With IBC just around the corner, we anticipate some of the trends we can expect to see as TV service providers converge in Amsterdam later this week.
Social TV companion services
The explosion of tablet devices and continued growth of the smartphone is extending video experiences to multiple screens. SocialTV companion services for the second screen tap into this exponential growth and empower people to find out more about what they watch, as well as letting them chat and share their viewing experiences with friends via social media – without interfering with the viewing experience on the main screen. SocialTV companion services are good news for TV service providers as they provide a logical extension to the programme being watched, and keep viewers engaged with their service for longer. TV service providers can also use social TV companion services to sell advertising and programme-related merchandising, to provide new revenue streams.
Multifunction Set Top Boxes
We are not going to see the Set Top Box (STB) disappear any time soon as TV service providers take advantage of its footprint in the home. But we foresee they will have more functions to support enhancements that include STBs with ‘click in’ DVR modules, and STBs with wireless capabilities that eliminate cables, as well as ‘connected’ STBs that can communicate with other digital consumer electronics in the home.
The TV Service Provider assumes a new role
TV service providers could soon be providing you with your home surveillance package. Cost-effective remote monitoring for the home will soon be available thanks to STBs that wirelessly link surveillance sensors and cameras in the home to your smartphone, to let you know who is approaching your porch, whether a package you are expecting has been delivered, or if your kids have arrived home safely from school. The same service provider could also sell you an easy-to-use home automation package that lets you programme your appliances from your smartphone to automatically start at times when energy tariffs are low. Look forward to using your smartphone to programme your sprinklers to water your lawn overnight, your washing machine to wash your clothes while you sleep, and switch your slowcooker on when you’re on your way home so that your supper has been heated by the time you walk into your kitchen.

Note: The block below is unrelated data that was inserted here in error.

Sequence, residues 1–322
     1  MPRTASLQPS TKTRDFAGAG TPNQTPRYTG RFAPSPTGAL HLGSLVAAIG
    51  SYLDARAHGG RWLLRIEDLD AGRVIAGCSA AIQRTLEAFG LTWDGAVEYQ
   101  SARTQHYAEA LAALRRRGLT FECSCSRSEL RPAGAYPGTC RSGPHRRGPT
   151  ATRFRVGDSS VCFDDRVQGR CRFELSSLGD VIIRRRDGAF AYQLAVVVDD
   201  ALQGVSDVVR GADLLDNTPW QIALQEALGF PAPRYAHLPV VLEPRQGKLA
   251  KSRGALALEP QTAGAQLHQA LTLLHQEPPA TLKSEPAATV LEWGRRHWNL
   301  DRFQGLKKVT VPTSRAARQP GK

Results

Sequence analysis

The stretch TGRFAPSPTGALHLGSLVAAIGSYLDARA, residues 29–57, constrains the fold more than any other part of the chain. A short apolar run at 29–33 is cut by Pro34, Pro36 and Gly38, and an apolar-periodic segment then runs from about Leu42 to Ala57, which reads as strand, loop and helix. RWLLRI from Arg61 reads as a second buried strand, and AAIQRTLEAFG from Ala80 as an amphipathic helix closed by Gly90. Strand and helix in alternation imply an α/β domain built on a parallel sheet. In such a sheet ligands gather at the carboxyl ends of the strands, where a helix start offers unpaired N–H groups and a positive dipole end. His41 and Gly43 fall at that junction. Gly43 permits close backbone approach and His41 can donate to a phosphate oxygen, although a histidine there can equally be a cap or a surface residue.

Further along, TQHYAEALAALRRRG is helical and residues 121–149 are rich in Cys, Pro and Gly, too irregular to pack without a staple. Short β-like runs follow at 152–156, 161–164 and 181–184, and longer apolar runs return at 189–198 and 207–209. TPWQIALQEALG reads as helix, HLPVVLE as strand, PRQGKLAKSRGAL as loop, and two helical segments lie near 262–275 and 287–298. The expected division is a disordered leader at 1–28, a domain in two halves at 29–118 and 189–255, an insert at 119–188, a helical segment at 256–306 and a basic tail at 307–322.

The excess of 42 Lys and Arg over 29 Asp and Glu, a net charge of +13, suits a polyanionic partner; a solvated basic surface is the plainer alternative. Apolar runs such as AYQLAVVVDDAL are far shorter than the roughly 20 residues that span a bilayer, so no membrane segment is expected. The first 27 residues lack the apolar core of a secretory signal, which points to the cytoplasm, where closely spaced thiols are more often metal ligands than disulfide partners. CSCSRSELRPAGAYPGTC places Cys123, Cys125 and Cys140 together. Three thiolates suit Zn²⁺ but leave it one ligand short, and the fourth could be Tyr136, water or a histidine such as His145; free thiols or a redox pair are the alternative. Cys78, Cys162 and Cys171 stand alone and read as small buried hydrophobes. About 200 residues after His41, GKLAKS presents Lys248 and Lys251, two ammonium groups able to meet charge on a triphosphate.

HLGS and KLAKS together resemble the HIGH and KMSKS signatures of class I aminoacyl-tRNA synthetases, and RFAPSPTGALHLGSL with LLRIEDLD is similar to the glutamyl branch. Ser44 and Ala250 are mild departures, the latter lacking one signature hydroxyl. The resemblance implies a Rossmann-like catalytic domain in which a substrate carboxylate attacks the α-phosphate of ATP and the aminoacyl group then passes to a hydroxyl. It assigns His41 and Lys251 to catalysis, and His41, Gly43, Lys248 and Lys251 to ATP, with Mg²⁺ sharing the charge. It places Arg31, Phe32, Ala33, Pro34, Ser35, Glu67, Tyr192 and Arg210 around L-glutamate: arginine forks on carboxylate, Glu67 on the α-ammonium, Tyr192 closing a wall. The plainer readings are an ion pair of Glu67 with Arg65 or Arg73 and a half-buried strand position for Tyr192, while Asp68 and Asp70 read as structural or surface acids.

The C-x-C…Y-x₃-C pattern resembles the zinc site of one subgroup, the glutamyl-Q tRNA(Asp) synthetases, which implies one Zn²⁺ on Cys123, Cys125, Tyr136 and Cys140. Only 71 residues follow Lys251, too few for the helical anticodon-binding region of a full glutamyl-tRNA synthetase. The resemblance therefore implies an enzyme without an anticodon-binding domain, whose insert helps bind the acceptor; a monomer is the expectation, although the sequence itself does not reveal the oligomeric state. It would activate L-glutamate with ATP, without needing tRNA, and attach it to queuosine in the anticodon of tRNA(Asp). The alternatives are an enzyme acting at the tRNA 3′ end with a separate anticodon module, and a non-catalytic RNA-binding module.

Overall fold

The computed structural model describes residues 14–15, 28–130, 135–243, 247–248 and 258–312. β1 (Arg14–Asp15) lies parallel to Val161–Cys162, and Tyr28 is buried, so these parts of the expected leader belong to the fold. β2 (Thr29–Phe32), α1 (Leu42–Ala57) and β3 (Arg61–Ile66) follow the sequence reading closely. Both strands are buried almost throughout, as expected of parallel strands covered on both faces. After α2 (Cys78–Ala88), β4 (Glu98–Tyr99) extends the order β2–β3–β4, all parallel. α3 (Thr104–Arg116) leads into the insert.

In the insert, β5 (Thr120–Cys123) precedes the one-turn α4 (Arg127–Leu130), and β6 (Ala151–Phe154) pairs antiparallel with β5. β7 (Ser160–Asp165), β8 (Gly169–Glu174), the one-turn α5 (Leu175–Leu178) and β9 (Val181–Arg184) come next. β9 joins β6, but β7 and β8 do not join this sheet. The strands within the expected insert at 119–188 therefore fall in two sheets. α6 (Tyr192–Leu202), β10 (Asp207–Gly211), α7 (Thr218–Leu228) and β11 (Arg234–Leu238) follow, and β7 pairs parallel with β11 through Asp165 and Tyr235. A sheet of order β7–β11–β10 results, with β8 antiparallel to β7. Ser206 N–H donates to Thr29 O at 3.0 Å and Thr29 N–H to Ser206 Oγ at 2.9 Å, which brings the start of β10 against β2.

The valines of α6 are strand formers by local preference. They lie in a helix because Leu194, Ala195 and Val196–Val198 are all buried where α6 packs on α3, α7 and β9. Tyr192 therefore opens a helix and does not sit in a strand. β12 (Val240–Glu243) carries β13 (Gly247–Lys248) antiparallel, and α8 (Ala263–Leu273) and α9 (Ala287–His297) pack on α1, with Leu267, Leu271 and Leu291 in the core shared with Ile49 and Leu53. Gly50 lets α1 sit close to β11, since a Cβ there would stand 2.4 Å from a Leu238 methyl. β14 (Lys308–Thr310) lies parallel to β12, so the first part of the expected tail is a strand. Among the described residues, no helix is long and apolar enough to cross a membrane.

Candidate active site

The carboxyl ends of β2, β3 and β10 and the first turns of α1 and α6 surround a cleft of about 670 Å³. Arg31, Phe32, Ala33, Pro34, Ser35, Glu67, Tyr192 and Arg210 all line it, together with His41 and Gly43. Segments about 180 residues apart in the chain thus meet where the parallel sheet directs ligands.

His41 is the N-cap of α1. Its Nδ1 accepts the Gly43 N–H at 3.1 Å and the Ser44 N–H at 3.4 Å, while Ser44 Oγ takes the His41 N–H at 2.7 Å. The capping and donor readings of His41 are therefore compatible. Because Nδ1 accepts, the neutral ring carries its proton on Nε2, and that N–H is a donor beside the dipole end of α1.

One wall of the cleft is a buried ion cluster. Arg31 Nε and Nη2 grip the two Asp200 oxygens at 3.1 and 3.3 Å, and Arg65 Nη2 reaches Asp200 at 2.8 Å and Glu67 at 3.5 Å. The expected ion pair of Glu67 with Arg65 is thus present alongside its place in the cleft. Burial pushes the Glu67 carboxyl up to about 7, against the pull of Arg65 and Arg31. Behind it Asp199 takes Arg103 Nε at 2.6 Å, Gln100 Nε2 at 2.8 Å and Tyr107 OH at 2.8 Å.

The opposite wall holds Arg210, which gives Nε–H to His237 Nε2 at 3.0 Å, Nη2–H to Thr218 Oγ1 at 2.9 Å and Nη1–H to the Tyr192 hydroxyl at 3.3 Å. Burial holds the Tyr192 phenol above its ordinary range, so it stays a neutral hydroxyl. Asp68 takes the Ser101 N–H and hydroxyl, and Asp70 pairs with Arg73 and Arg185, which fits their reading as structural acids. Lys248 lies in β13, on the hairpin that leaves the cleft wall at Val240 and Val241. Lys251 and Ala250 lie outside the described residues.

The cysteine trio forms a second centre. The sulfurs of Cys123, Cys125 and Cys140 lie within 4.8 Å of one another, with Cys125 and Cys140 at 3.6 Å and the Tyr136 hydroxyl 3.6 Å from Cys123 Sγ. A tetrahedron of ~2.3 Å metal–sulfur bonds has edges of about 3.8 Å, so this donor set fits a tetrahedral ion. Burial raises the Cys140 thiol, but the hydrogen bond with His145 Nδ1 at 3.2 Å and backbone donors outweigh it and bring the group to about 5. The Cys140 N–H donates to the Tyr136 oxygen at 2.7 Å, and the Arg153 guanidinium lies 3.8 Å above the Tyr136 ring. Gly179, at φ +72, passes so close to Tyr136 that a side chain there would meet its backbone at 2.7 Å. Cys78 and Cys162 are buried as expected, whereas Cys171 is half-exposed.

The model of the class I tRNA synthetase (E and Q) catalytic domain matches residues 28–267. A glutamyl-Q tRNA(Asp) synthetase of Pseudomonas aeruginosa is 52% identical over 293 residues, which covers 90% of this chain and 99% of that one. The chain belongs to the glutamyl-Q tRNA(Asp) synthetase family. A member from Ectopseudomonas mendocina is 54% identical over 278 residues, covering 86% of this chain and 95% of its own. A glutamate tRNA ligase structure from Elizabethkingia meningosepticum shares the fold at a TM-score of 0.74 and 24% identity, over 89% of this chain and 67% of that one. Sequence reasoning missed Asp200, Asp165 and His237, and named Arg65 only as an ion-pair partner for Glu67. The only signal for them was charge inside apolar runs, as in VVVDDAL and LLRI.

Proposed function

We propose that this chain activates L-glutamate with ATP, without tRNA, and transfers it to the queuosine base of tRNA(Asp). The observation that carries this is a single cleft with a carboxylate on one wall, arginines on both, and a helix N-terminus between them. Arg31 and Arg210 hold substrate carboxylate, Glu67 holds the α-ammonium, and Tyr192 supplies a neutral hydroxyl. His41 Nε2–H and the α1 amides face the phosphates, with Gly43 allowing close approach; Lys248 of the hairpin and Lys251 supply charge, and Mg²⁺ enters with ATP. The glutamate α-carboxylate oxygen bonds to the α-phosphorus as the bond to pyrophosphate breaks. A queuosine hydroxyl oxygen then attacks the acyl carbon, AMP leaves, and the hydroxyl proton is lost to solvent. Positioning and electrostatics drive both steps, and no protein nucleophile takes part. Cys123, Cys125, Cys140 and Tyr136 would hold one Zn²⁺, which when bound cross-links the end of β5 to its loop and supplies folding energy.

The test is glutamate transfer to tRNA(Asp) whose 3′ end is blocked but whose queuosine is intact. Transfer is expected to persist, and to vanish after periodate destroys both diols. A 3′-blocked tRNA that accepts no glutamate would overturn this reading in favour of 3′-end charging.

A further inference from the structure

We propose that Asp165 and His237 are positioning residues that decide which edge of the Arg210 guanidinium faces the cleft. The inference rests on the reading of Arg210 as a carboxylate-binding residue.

Doing more with bandwidth:
The continual growth of digital TV services is putting significant pressure on TV networks. Expect to see technologies that boost bandwidth to allow service providers to allocate more channels to their existing networks, whilst reducing capital and operational costs.
IBC kicks off on September 8th: stay in touch with what’s happening at IBC 2011 through twitter (#IBC11).